Wednesday 4 May 1664

Up, and my new Taylor, Langford, comes and takes measure of me for a new black cloth suit and cloake, and I think he will prove a very carefull fellow and will please me well. Thence to attend my Lord Peterborough in bed and give him an account of yesterday’s proceeding with Povy. I perceive I labour in a business will bring me little pleasure; but no matter, I shall do the King some service. To my Lord’s lodgings, where during my Lady’s sickness he is, there spoke with him about the same business. Back and by water to my cozen Scott’s. There condoled with him the loss of my cozen, his wife, and talked about his matters, as atturney to my father, in his administering to my brother Tom. He tells me we are like to receive some shame about the business of his bastarde with Jack Noble; but no matter, so it cost us no money. Thence to the Coffee-house and to the ‘Change a while. News uncertain how the Dutch proceed. Some say for, some against a war. The plague increases at Amsterdam. So home to dinner, and after dinner to my office, where very late, till my eyes (which begin to fail me nowadays by candlelight) begin to trouble me. Only in the afternoon comes Mr. Peter Honiwood to see me and gives me 20s., his and his friends’ pence for my brother John, which, God forgive my pride, methinks I think myself too high to take of him; but it is an ungratefull pitch of pride in me, which God forgive. Home at night to supper and to bed.

17 Annotations

Terry F   Link to this

"my new Taylor, Langford, comes and takes measure of me for a new black cloth suit and cloake, and I think he will prove a very carefull fellow and will please me well."

If you know how suits are made (and Pepys does,) and have been measured for one by a careful tailor (as he has, more than once), then you'll know how to attend to the doing of it by someone new. (I've been there, and it's a delightful experience, though I'm not a tailor's son, but a suitmaking-seamstress's grandson.) A very nice sentence, and a pleasure to read: takes me back.

Todd Bernhardt   Link to this

"to attend my Lord Peterborough in bed"

Man ... Sam will do *anything* for his job, won't he?

Todd Bernhardt   Link to this

"I perceive I labour in a business will bring me little pleasure; but no matter, I shall do the King some service."

I hope Charles appreciates this...

Todd Bernhardt   Link to this

"The plague increases at Amsterdam."

Uh oh.

"Only in the afternoon comes Mr. Peter Honiwood to see me and gives me 20s., his and his friends' pence for my brother John"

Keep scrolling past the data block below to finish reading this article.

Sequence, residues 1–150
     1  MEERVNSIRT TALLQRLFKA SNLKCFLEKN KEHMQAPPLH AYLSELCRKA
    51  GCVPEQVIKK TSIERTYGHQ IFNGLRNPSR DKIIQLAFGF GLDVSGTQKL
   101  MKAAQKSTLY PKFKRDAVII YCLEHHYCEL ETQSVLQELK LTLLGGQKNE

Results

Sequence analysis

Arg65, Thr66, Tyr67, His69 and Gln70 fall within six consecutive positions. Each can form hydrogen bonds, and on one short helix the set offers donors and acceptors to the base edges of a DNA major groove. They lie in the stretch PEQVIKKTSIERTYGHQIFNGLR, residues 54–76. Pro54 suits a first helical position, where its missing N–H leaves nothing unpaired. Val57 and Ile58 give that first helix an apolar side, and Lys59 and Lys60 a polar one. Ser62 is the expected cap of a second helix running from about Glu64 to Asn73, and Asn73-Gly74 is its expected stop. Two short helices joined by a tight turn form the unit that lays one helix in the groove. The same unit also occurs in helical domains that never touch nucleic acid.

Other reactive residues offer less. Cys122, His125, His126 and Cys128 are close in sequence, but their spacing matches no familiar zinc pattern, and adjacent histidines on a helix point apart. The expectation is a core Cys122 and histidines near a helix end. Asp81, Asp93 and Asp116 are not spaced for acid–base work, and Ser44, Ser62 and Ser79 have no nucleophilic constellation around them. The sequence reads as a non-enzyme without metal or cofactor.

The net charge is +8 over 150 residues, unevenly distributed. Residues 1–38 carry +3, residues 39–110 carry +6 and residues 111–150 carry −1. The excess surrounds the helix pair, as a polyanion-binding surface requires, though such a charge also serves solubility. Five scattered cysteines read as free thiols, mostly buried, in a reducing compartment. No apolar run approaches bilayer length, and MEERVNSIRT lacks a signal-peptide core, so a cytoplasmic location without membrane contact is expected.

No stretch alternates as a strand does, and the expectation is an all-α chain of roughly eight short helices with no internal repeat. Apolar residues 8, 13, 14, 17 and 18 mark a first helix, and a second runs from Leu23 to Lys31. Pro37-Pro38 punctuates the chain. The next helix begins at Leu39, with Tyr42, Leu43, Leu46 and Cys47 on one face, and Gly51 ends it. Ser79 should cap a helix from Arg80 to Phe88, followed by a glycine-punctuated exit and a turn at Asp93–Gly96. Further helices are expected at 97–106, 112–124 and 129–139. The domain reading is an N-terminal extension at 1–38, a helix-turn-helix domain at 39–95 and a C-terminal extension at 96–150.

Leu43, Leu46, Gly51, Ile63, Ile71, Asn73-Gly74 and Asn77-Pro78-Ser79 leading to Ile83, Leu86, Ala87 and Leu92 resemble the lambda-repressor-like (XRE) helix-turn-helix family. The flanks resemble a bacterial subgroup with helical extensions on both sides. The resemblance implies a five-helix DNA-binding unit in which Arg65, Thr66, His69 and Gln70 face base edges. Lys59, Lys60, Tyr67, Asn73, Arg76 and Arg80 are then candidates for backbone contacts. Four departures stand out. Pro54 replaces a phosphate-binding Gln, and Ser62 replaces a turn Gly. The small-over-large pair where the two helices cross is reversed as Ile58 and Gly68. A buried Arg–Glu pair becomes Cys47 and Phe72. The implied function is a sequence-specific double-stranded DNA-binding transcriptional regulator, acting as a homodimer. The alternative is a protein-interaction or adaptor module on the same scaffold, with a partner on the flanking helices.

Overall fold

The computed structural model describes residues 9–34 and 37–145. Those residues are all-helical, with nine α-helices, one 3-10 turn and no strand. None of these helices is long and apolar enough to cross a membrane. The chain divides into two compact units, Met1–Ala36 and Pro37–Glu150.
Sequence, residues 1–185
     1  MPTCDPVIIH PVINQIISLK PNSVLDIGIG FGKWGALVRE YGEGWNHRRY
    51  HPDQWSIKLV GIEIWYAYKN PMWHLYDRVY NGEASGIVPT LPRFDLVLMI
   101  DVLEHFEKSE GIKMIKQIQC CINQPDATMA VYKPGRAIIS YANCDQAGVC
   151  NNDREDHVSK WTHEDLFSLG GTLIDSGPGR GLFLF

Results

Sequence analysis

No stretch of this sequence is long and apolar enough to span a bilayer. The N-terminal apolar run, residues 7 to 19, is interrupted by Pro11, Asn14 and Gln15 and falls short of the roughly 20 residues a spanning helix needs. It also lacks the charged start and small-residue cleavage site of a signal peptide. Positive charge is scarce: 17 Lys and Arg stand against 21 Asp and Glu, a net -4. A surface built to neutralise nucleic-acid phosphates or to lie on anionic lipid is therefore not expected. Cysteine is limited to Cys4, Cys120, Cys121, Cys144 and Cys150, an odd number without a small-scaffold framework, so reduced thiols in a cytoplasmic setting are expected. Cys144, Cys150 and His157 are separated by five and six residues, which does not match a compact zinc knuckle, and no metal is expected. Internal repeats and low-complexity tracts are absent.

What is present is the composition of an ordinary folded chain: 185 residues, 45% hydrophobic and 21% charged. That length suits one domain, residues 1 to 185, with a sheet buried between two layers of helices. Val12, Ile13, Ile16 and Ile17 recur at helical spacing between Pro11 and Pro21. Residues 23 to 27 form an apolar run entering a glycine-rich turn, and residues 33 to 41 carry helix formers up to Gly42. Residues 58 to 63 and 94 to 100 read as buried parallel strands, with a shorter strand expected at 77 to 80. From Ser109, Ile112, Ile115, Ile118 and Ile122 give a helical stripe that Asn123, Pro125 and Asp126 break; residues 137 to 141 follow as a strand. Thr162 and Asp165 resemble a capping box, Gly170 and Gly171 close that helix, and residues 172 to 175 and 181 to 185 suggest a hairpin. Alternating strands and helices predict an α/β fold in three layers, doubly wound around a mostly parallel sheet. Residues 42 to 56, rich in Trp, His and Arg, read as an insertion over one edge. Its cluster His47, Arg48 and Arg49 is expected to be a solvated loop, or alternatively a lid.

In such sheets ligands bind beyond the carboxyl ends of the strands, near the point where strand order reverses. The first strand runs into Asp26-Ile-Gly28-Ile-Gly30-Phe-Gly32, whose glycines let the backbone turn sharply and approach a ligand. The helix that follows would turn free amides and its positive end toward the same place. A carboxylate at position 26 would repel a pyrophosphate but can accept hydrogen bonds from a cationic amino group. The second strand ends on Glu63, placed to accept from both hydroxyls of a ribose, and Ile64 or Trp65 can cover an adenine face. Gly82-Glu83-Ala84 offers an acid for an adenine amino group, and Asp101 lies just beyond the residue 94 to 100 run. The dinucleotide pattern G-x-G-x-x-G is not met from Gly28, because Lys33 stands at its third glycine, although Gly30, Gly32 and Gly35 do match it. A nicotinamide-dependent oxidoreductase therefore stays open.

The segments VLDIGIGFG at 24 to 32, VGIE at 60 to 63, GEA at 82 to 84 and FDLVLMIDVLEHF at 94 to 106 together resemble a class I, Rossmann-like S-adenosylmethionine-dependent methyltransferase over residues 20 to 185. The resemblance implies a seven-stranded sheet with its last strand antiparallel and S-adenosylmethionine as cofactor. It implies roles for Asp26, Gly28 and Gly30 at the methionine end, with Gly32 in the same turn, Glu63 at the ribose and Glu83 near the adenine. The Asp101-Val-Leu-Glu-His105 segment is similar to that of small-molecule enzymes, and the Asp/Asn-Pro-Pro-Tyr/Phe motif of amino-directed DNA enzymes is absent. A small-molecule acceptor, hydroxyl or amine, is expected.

Why is Sam loathe to take this? Is it a collection that Honiwood and his friends have taken up upon John's death to help his next of kin, and well-off Sam doesn't want to accept their charity?

Sorry 'bout the shotgun posts...

Conrad   Link to this

Todd, it was Tom who died not John. I've got no idea why John's friends have taken up a collection for him, or why they are giving the 20 shillings to Sam. Maybe someone else has an idea of what's going on here?

Terry F   Link to this

"the 20 shillings"

Fortunately, L&M have an idea: this allowance for John while at Cambtidge is evidently provided by the Honywoods' rent of rooms at the Pepys's Salisbury Court house.

cumsalisgrano   Link to this

Be-spoke be a gratifying experience, for sure.
"...comes and takes measure of me for a new black cloth suit and cloake, and I think he will prove a very carefull fellow and will please me well..."
The firm that I had dealings with,way back when, got it start over 400 years ago, the name not be Pepys, still thrilling those with the gold.

Robert Gertz   Link to this

"The plague increases at Amsterdam."

Dutch State Council meeting at The Hague.

"Tou know gentlemen...We didn't ask for this war the Englanders have foisted upon us. If they'd just let us rule the world outside Europe, we'd get along fine. Still...So long as they're making war on us...And we have the dratted plague in Amsterdam. All these old clothes and items from the deceased. And the English merchants are still buying from us..."

"And the Englanders so love a bargain..."

"Exactly. Not as if we were deliberately firing plague-bearing items into England. Just selling off a few items suddenly available at great prices."

Pedro   Link to this

"Thence to attend my Lord Peterborough in bed and give him an account of yesterday's proceeding with Povy."

The previous Governor Lord Peterborough lies in bed, while Lord Teviot lies in "some corner of a foreign field".